Justice Scalia disappointed those who hoped he would find broad constitutional protection for religious conduct because of his conservative philosophy and his strong, publicly expressed Catholic faith. Scalia's consistent belief in a very limited role for the U.S. Constitution won the day at the expense of religious freedom. In Scalia's view, a legislature can choose to exempt religious uses from a particular criminal prohibition, but government is not required to do so by the Constitution.
The Smith decision angered many who believe that people of faith, particularly members of minority religions without political clout, require broad protection from government regulations that burden or prohibit religious conduct. A nearly unanimous Congress passed the Religious Freedom Restoration Act as an attempt to "restore," by means of a statute, the pre-Smith constitutional standard that gave broad protection to religious freedom. The question for the Supreme Court is whether Congress can, in effect, overrule the Smith decision through a new religious freedom statute.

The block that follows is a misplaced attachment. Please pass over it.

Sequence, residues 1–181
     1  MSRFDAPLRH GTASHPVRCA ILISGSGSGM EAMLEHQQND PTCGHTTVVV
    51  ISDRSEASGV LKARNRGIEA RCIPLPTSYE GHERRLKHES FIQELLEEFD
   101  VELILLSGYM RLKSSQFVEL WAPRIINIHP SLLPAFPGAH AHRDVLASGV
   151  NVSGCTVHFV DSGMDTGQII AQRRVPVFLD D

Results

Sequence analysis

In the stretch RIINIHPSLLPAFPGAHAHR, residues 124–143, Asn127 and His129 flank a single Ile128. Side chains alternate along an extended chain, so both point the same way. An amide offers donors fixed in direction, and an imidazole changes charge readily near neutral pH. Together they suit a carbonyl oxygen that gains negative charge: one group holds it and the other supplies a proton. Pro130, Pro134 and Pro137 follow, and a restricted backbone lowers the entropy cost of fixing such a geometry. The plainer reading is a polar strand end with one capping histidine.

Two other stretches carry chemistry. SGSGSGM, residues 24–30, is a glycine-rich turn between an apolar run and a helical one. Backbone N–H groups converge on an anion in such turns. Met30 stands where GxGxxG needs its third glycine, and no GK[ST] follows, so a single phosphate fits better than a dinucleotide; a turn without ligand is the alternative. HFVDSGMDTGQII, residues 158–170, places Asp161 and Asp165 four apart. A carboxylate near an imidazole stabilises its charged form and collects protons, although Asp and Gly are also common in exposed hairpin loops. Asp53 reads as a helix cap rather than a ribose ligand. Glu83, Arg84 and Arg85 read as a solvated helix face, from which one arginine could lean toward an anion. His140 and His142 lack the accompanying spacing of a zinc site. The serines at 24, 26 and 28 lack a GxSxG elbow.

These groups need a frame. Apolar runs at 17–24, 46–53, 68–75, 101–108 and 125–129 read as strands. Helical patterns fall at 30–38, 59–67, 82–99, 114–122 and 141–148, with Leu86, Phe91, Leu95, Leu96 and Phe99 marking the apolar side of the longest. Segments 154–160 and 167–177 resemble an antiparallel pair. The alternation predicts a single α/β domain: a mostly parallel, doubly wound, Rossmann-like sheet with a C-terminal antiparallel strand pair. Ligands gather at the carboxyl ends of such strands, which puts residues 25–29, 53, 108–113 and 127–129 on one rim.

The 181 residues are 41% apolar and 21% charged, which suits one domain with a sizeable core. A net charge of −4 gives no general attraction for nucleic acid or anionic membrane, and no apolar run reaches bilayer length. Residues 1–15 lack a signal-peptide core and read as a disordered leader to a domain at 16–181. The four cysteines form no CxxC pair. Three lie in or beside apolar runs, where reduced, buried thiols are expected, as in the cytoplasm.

Impact of RFRA
With RFRA in their attorneys' arsenal, religious organizations and individuals relied on the new law to seek exemptions from a variety of government regulations. In addition to challenges to land use regulations such as in Boerne, landlords with religious objections to renting to homosexual or unmarried couples relied on RFRA to refuse to rent to such couples when they were required to do so by local antidiscrimination statutes.